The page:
The Oxford Handbook of Late Antiquity

ISBN : 9780190277536

Scott Johnson
1296 Pages
171 x 248 mm
Pub date
Jan 2016
Oxford Handbooks in Classics and Ancient History
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The Oxford Handbook of Late Antiquity offers an innovative overview of a period (c. 300-700 CE) that has become increasingly central to scholarly debates over the history of western and Middle Eastern civilizations. This volume covers such pivotal events as the fall of Rome, the rise of Christianity, the origins of Islam, and the early formation of Byzantium and the European Middle Ages. These events are set in the context of widespread literary, artistic, cultural, and religious change during the period. The geographical scope of this handbook is unparalleled among comparable surveys of Late Antiquity; Arabia, Egypt, Central Asia, and the Balkans all receive dedicated treatments, while the scope extends to the western kingdoms, Ireland, and Scandinavia in the West. Furthemore, from economic theory and slavery to Greek and Latin poetry, Syriac and Coptic literature, sites of religious devotion, and many others, this handbook covers a wide range of topics that will appeal to scholars from a diverse array of disciplines. The Oxford Handbook of Late Antiquity engages the perennially valuable questions about the end of the ancient world and the beginning of the medieval, while also providing a much-needed touchstone for the study of Late Antiquity itself.



List of Contributors

List of Illustrations


Scott F. Johnson, Georgetown University and Dumbarton Oaks

Introduction: Late Antique Conceptions of Late Antiquity

Herve Inglebert, Universite Paris Ouest Nanterre-La Defense (Paris X)

Part I. Geographies and Peoples

1. The Western Kingdoms

Michael Kulikowski, Pennsylvania State University

2. Barbarians: Problems and Approaches

Michael Maas, Rice University

3. The Balkans

Craig H. Caldwell III, University of Georgia

4. Armenia

Tim Greenwood, St Andrews University

5. Central Asia and the Silk Road

Etienne de la Vaissiere, Ecole Pratique des Hautes Etudes, Paris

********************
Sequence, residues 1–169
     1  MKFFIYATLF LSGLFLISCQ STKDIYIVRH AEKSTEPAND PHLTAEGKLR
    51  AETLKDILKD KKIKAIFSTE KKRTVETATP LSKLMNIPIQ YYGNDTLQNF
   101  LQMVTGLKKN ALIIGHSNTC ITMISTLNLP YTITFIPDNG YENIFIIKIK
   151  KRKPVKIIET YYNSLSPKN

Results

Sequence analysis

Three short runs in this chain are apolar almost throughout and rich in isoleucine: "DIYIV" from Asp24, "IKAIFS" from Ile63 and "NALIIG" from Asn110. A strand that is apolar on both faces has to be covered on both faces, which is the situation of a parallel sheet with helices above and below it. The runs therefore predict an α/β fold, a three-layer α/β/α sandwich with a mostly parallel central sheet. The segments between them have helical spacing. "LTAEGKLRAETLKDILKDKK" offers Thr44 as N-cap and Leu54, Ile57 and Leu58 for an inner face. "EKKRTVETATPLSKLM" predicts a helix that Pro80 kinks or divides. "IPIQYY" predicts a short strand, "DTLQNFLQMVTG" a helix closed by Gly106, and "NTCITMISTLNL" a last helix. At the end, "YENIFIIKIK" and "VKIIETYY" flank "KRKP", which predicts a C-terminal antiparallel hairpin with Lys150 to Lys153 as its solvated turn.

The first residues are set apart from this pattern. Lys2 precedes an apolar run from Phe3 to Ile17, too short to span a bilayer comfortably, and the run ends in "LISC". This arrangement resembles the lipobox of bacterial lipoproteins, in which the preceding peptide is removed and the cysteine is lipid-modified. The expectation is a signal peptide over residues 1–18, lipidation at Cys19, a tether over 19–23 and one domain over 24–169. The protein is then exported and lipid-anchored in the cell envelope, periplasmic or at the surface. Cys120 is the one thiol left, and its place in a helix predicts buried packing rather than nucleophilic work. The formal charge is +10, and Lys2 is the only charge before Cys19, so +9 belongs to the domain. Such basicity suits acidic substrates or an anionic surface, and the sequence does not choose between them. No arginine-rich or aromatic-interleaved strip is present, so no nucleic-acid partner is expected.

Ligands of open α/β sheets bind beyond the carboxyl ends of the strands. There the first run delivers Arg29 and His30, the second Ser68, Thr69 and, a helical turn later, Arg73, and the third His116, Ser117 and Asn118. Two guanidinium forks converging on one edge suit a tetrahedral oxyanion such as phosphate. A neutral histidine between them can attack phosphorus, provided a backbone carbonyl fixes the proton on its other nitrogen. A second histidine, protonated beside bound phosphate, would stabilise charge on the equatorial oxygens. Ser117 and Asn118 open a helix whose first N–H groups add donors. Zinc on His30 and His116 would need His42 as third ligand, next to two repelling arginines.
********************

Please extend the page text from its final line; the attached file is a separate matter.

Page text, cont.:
6. Syriac and the "Syrians"

Philip Wood, Sidney Sussex College, Cambridge University

7. Egypt

Arietta Papaconstantinou, Universite Paris 1 Pantheon-Sorbonne

8. The Coptic Tradition

Anne Boud'hors, Centre national de la scientifique (CNRS)

9. Ethiopia and Arabia

Christian Julien Robin, College de France

Part II. Literary and Philosophical Cultures

10. Latin Poetry

Scott McGill, Rice University

11. Greek Poetry

Gianfranco Agosti, Universita degli Studi di Udine

12. Historiography

Brian Croke, Macquarie University and University of Sydney

13. Hellenism and its Discontents

Aaron Johnson, Lee University

14. Education: Speaking, Thinking, and Socializing

Edward Watts, Indiana University

15. Monasticism and the Philosophical Heritage

Samuel Rubenson, Lunds Universitet

16. Physics and Metaphysics

Gregory Smith, Central Michigan University

17. Travel, Cartography, and Cosmology

Scott Fitzgerald Johnson, Georgetown University and Dumbarton Oaks

III. Law, State, and Social Structures

18. Economic Trajectories

Jairus Banaji, School of Oriental and African Studies (SOAS)

19. Agriculture and Other "Rural Matters"

Cam Grey, University of Pennsylvania

20. Marriage and Family

Kyle Harper, University of Oklahoma

21. Health, Disease, and Hospitals: The Case of the "Sacred House"

Peregrine Horden, Royal Holloway, University of London

22. Concepts of Citizenship

Ralph Mathisen, University of Illinois, Urbana-Champaign

23. Justice and Equality

Kevin Uhalde, Ohio University

24. Roman Law and Legal Culture

Jill Harries, St Andrews University

25. Communication: Use and Reuse

Andrew Gillett, Macquarie University

Part IV. Religions and Religious Identity

26. Paganism and Christianization

Jaclyn Maxwell, Ohio University

27. Episcopal Leadership

David M. Gwynn, Royal Holloway, University of London

28. Theological Argumentation: The Case of Forgery

Susan Wessel, Catholic University of America

29. Sacred Space and Visual Art

Ann Marie Yasin, University of Southern California

30. Object Relations: Theorizing the Late Antique Viewer

Glenn Peers, University of Texas at Austin

31. From Nisibis to Xi'an: The Church of the East across Sasanian Persia

Joel Walker, University of Washington

32. Early Islam as a Late Antique Religion

Robert Hoyland, Oriental Institute, Oxford University

33. Muhammad and the Qur'an

Stephen J. Shoemaker, University of Oregon

Part V. Late Antiquity in Perspective

34. Comparative State Formation: The Later Roman Empire in the Wider World

John Haldon, Princeton University

35. Late Antiquity in Byzantium

Petre Guran, Institute of South East European Studies, Bucharest

36. Late Antiquity and the Italian Renaissance

Christopher Celenza, Johns Hopkins University

About the author: 

Scott Fitzgerald Johnson is Dumbarton Oaks Teaching Fellow in Postclassical and Byzantine Greek at Georgetown University.

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